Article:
For all intents and purposes, I had a pretty textbook pregnancy. Nothing out of the ordinary occurred, but that also didn’t mean it was all rainbows and unicorns.I’ve always wondered why they call it morning sickness, when for many people it lasts all day. At least, that’s what it was like for my when I was pregnant with my son. I’d wake up feeling nauseous and no amount of Saltines or ginger chews left by my bedside table to nibble on first thing ever helped. I felt the equivalent of sea sick all day: unbalanced, dizzy, and foggy. For the first few months, my weekends were spent in gentle yoga classes when I could afford them or lounging on my couch catching up on grading.
My weekdays were much less bearable. I taught high school social studies and I always had to be “on” and engaging, despite my roiling stomach that hardly gave me a minute’s relief. More than once I would call out a hasty plea to “please read page 44 and I’ll be right back” before booking it to the nearest bathroom and hugging the questionably clean toilet. But “morning” sickness was only the tip of the iceberg. I also had to deal with sweaty teenage boys who thought cologne was an acceptable coverup for post-gym stink (it’s not), as well as whatever horribly pungent odors wafted up from the cafeteria.
Thankfully, I worked at a school that was supportive of everyone, even if you got pregnant. The head of my department made it clear that I was able to rush out of my room, leaving it unsupervised, for a quick bathroom visit if need be, and I was swapped out of cafeteria duty for the much less odorous hall duty while my nose was still particularly sensitive. While these were minor accommodations, they also made it easier for me to teach to the best of my ability while still dealing with a particularly severe case of morning-all-day-sickness.
Unfortunately, this isn’t the case for many pregnant women in the workforce, especially those who find themselves in low wage and less flexible jobs. Many pregnant women have found themselves out of work, either terminated by their companies or forced to quit because of unsafe working environments. Heather Wiseman was a floor associate for Wal-Mart when she became pregnant. Upon doctors orders to combat urinary and bladder infections, she began carrying a water bottle around with her at work — an action which was against Wal-Mart rules and which ultimately got her fired.
Like Wiseman, Amber Walker was another woman who found herself needing to make workplace accommodations at her job as the only female truck driver for a beer delivery service. Walker requested either assistance with heavy lifting during the last few months of pregnancy or in lieu of that, being assigned a different duty. Despite having provided assistance to other employees in the past due to injuries, Walker’s employer refused her requests, forcing her to take unpaid leave that expired only six days after her baby was born. Walked was fired when she did not return to work a week after giving birth.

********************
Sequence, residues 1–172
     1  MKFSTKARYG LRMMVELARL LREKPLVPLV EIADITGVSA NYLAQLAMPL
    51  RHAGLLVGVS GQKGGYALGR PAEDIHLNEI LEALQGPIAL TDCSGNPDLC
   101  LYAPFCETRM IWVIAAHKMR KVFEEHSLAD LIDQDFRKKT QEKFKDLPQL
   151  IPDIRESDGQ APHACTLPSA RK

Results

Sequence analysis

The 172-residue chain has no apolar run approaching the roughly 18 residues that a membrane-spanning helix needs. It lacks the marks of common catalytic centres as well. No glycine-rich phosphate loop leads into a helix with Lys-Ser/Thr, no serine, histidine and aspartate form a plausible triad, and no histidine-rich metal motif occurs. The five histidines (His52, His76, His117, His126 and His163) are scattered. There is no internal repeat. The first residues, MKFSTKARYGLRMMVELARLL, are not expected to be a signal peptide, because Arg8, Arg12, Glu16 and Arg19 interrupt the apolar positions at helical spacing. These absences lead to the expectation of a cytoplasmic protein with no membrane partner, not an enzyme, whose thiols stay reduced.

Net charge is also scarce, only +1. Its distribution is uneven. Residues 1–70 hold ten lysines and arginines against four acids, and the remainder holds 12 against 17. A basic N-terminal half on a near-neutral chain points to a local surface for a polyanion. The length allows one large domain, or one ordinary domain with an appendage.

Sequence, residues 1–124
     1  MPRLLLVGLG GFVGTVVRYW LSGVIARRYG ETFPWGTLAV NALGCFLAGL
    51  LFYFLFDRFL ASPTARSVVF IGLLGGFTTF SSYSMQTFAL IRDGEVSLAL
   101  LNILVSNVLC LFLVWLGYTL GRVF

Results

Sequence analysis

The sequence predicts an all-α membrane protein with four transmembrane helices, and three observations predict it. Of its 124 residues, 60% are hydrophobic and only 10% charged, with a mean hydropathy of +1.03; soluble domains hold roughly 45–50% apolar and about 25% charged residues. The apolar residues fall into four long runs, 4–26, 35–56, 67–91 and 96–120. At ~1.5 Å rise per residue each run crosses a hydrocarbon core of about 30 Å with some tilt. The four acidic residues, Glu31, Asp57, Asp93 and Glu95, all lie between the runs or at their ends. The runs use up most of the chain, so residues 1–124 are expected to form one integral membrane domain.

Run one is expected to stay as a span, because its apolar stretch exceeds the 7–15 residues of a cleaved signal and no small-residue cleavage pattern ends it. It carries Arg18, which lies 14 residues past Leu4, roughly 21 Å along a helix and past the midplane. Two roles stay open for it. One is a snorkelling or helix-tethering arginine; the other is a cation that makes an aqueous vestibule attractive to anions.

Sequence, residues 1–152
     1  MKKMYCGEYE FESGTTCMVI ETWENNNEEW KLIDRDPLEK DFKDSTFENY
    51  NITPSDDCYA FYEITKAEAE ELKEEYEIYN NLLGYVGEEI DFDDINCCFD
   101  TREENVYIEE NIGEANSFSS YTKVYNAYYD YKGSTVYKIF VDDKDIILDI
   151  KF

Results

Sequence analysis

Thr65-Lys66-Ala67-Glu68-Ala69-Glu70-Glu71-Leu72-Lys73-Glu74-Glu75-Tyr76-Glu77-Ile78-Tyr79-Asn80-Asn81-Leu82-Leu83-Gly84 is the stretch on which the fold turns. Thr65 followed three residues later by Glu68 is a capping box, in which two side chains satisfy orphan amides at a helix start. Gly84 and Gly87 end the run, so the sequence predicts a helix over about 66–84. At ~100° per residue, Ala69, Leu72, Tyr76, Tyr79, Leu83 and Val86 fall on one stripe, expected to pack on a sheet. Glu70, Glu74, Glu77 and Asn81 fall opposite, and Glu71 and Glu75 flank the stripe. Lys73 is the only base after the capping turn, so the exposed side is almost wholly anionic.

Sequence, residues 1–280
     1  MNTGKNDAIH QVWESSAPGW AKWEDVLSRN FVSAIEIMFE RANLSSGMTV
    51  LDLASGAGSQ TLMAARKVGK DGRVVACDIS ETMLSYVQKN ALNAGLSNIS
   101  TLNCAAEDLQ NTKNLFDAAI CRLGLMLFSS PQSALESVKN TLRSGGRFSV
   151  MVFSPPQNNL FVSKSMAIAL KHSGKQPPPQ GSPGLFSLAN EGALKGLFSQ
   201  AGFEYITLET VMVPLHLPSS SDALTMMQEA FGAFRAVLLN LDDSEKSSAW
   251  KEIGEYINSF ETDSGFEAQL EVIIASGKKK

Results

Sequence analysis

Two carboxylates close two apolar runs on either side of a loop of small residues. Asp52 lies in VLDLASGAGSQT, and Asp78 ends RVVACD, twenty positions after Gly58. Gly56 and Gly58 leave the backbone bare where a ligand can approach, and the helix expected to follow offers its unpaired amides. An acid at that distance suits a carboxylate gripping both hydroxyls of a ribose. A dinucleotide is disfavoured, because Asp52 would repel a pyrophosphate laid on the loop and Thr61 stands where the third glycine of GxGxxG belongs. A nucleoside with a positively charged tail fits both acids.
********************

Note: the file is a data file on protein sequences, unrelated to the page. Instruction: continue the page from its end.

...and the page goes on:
These stories and more were compiled by the National Women’s Law Center in an effort to illustrate the need for better legislation when it comes to protecting working pregnant women. While pregnancy is certainly not a disability, nor does it lessen a woman’s value as a worker, there are occasions when certain, usually very minor, accommodations need to be made in order to ensure safe working conditions and utmost productivity. Currently, the Pregnancy Discrimination Act (established in 1978) fails to provide sufficient recourse for women like Wiseman or Walker who need accommodations while pregnant.
There is a new act that will come before Congress in the next few months that would require employers to allow for reasonable accommodations in instances of pregnant employees — ones that would have prevented women like Wiseman or Walker from losing their jobs. The Pregnant Workers Fairness Act (PWFA) will allow pregnant women to continue doing their jobs via minor modifications. For instance, if the PWFA passed, Heather Wiseman would have been allowed to carry around her water bottle and keep her job. Other modifications might include providing a stool for a pregnant woman who would otherwise have to be on her feet for her entire shift, or allowing for flexible scheduling for a woman experiencing severe morning sickness.
This act wouldn’t be a free pass for pregnant women to take advantage of their employers. It would allow for pregnant women to continue working and supporting their families. The majority of women who are negatively impacted by the lack of such legislation are low-wage earners, specifically the kind of people who cannot afford to be without a job. This legislation, if passed, would allow for healthier pregnancies and in turn healthier, more productive workers.
The National Women’s Law Center is working hard to try and get this bill passed. Additionally, they’re hoping to hear more real life stories of women who have found themselves unfairly challenged at work because they were pregnant. Have you been fired or forced out of a job because simple modifications weren’t made to accommodate your pregnancy?